Passion for arts came later to Aji Yahuti. She discovered her needs for creative expression after moving into a new house. On her backyard she found a blank white wall and leftover paints. In her early forties, art become an addiction to this freelance reporter.
Her first piece of work on the blank wall that became her ‘canvas’ was a mural of elephant and gecko. Her house painter told her that using thinner would give the painting a glossy effect and make it relatively long lasting. But she was not crazy about the pungent smell of the liquid chemical, and it certainly burned her eyes, so she chose water-based paint. Her approach was free style, cheap and readily available materials.
For her next project she was fascinated by a famous painting The Brooch, or known as “The Lady With the Brooch” by Norwegian painter Edvard Munch. One of his most well known works is “The Scream” in 1893. Aji’s inspiration came after seeing an ashtray full of cigarette ashes, which she used to make a replica of The Brooch.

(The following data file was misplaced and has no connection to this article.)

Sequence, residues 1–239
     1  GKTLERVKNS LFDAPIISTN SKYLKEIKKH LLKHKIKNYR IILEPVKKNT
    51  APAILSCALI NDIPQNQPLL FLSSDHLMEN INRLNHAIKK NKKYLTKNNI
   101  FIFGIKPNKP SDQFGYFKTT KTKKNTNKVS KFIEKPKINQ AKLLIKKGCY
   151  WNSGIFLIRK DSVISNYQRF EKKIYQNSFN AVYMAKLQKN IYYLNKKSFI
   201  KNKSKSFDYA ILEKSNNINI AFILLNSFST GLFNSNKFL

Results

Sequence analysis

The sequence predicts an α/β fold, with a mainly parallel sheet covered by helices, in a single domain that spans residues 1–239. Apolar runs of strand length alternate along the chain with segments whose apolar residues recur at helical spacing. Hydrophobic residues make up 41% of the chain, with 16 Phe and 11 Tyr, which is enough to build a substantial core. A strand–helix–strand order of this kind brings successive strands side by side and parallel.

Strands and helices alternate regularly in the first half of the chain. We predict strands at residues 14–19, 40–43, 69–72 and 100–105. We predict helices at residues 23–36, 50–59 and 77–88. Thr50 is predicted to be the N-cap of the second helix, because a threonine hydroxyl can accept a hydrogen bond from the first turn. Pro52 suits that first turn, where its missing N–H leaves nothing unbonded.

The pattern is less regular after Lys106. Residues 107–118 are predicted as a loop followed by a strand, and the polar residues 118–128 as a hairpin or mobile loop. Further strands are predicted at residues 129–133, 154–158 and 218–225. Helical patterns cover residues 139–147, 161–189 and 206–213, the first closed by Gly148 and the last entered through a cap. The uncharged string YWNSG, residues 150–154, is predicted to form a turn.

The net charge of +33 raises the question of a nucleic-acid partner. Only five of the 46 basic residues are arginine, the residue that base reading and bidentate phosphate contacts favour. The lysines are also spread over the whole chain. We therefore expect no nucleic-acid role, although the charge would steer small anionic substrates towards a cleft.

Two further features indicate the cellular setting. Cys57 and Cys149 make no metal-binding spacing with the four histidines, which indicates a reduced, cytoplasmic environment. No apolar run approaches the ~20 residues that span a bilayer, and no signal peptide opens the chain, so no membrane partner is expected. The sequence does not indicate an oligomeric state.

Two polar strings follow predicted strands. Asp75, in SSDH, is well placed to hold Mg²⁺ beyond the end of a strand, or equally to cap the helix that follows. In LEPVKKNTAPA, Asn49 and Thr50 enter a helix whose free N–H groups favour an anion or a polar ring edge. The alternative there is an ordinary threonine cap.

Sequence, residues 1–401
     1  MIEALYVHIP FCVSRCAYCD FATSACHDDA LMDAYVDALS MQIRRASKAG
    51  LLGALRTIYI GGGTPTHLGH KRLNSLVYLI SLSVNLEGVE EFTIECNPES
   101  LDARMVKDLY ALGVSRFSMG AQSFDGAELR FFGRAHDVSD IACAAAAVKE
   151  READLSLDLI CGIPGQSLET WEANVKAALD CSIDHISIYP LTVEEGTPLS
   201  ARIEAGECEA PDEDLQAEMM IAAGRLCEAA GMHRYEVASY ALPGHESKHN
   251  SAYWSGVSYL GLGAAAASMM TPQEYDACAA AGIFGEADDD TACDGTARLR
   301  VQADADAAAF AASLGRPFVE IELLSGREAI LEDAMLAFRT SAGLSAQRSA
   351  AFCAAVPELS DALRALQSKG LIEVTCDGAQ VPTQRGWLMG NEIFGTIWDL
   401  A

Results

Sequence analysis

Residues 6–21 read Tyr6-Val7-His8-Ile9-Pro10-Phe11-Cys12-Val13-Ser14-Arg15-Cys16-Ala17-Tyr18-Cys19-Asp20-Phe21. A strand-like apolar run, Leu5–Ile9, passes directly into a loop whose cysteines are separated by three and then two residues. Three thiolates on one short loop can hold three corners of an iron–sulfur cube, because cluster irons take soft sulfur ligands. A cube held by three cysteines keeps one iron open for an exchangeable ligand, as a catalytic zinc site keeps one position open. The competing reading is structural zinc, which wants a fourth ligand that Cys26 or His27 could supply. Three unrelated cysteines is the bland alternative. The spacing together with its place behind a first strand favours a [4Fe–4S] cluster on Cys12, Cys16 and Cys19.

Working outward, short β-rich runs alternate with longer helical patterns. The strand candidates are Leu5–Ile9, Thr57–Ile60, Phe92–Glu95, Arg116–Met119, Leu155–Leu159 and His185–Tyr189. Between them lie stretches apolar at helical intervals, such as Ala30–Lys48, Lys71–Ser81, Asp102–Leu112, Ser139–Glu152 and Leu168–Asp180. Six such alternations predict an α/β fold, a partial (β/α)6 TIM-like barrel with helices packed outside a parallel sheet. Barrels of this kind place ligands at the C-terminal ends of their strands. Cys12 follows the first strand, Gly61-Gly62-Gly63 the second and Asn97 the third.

Aji further explored her newfound passion and found that an ancient Madhubani method from India felt like a more dynamic medium, using materials from her kitchen as well as acrylic paint and watercolors.
The colors were traditionally derived from natural sources like plants and spices -- yellow color is obtained from turmeric, white from rice powder. Madhubani tradition has been done by women dates back to the 7th century AD in India.
Her batik seller piece was made with acrylic paint, watercolors, marker, and turmeric and paprika, mixed with food coloring. She also does simpler approach of black and white portraits with a pen marker and paper.
Her artistic flair had actually shown early in college, where she studied communication and French.
“I used to scribble on my walls and paint personalized birthday cards for my close friends, because I couldn’t afford buying them presents,” said Aji.
The mother of two says painting gave her freedom and the chance to temporarily escape from reality and the monotony of everyday routine. When she’s in the zone, she loses herself in the work, and becomes singularly focused on the piece she is making, causing her to forget things like taking a shower.
The positive feedbacks she received for her paintings was surprising for her.
The inspiration and creativity starts from within – it’s never too late to start a new passion in life, she added.